Doctors urge routine skin screenings

May 7, 2012
Doctors urge routine skin screenings
20% of Americans will develop skin cancer during their lifetime, experts warn.

(HealthDay) -- Adults and children should be screened routinely for changes in the appearance of their skin, experts advise.

Mount Sinai Medical Center researchers point out that regular visits to the dermatologist are just as important as trips to the dentist because they can provide clues as to what's going on outside as well as inside the body.

One in five Americans will develop some form of skin cancer during their lifetime, the Mount Sinai doctors cautioned. Although skin cancer is one of the most common , it's also one of the most preventable, they noted in a center news release.

In honor of Skin Cancer Awareness Month and Melanoma Day on Monday, May 7, the experts offered the following advice on skin cancer prevention:

  • Wear sunblock. Almost half of all occurs between the ages of 19 and 40 years. Sunblock should be applied to the body, around the eyes, lips, ears and feet everyday year-round. Dermatologists can recommend sunscreen for infants and sensitive areas, such as the eyelids or face.
  • Do not sunbathe. It may take between 10 and 20 years for the damage to show up, but the sun's rays dissolve the collagen and elastin in your skin.
  • Perform monthly self-checks. Monitor your brown spots, such as moles and freckles. If you have many of these spots, consult your dermatologist about total body photography. This preventative measure can help closely track the appearance of your spots to determine if they've changed over time.
  • Follow the ABCDEs. Consult a dermatologist if a mole has any of the following: Asymmetry (one side is different from the other); Border irregularity; (one area is a different shade or color than another); Diameter equal to or larger than a pencil eraser; Elevation (it is raised or has an uneven surface)
Sunscreens will have new U.S. Food and Drug Administration-mandated labels beginning June 18, the experts noted. So, when looking for sunscreen, be sure its label has the following:
  • Provides "broad-spectrum protection," or UVA as well as UVB coverage measured by the given sun-protection factor (SPF) value.

  • "SPF 30" (or higher). Being protected by SPF 30 means it will take 30 minutes of sun exposure to get the same amount of UV light penetration as you would get in just one minute with unprotected skin. The Mount Sinai specialists noted anything lower than SPF 30 will have the following label warning: "Spending time in the sun increases your risk of skin cancer and early skin aging. This product has been shown only to prevent sunburn, not or early skin aging."
  • "Water-resistant." The new FDA rules prohibit any sunscreen from being labeled as "waterproof." Those marked "water-resistant" have been shown to pass a standard 40- or 80-minute test of water exposure followed by UV testing.

Explore further: Preventing the skin cancer, not just the sunburn

More information: The U.S. National Library of Medicine has more about skin cancer.

Related Stories

Preventing the skin cancer, not just the sunburn

March 14, 2012
(Medical Xpress) -- With the first day of spring just one week away, anyone who spends time in the sun should be aware of new sunscreen regulations designed to help prevent skin cancer.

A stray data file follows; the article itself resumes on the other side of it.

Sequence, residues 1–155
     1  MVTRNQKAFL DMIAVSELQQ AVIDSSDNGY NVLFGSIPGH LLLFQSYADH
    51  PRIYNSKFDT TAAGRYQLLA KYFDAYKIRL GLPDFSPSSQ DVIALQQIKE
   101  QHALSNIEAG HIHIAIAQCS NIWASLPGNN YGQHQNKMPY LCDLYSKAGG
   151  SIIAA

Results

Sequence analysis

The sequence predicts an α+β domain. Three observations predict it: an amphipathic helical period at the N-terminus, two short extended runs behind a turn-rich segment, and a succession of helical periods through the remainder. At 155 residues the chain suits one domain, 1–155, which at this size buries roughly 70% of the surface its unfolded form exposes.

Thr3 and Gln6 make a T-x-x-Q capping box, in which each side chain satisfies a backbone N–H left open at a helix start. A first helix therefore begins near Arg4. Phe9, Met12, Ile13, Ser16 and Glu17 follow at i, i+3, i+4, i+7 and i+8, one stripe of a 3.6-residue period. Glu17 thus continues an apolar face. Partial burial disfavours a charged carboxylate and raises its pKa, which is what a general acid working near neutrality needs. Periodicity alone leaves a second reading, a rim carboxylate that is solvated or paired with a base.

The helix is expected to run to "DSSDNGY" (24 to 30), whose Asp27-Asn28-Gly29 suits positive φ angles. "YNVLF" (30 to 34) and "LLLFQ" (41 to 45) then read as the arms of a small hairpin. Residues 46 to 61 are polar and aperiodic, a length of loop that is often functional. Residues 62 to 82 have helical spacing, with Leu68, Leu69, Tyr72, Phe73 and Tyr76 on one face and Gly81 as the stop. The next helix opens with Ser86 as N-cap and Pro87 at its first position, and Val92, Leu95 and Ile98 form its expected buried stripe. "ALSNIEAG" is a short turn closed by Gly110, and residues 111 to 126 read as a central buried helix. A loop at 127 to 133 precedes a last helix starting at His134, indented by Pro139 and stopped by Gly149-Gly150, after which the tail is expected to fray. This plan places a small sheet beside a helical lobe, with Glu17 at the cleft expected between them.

UK advice on sun creams 'not in the interests of public health,' warns DTB

June 1, 2011
The strength of sun cream recently recommended by the National Institute for Health and Clinical Excellence (NICE) to stave off sunburn is far too low and "not in the interests of public health," warns the Drug and Therapeutics ...

High SPF sunscreens assure protection from solar rays

April 17, 2012
(HealthDay) -- An application of water-resistant sunscreen with a sun protection factor (SPF) of 70 or higher adequately protects people against skin cancer and photodamage even when applied irregularly, according to a study ...

Recommended for you

Targeted antibiotic use may help cure chronic myeloid leukaemia

September 19, 2017
The antibiotic tigecycline, when used in combination with current treatment, may hold the key to eradicating chronic myeloid leukaemia (CML) cells, according to new research.

Brain powered: Increased physical activity among breast cancer survivors boosts cognition

September 19, 2017
It is estimated that up to 75 percent of breast cancer survivors experience problems with cognitive difficulties following treatments, perhaps lasting years. Currently, few science-based options are available to help. In ...

Bone marrow protein a 'magnet' for passing prostate cancer cells

September 19, 2017
Scientists at the University of York have shown that a protein in the bone marrow acts like a 'magnetic docking station' for prostate cancer cells, helping them grow and spread outside of the prostate.

Brain cancer breakthrough could provide better treatment

September 19, 2017
A new discovery about the most common type of childhood brain cancer could transform treatment for young patients by enabling doctors to give the most effective therapies.

Researchers compose guidelines for handling CAR T cell side effects

September 19, 2017
Immune-cell based therapies opening a new frontier for cancer treatment carry unique, potentially lethal side effects that provide a new challenge for oncologists, one addressed by a team led by clinicians at The University ...

A new paradigm for treating transcription factor-driven cancers

September 18, 2017
In the current issue of Proceedings of the National Academy of Sciences, researchers from Nationwide Children's Hospital describe a new paradigm for treating transcription factor-driven cancers. The study focuses on Ewing ...

0 comments

Please sign in to add a comment. Registration is free, and takes less than a minute. Read more

Click here to reset your password.
Sign in to get notified via email when new comments are made.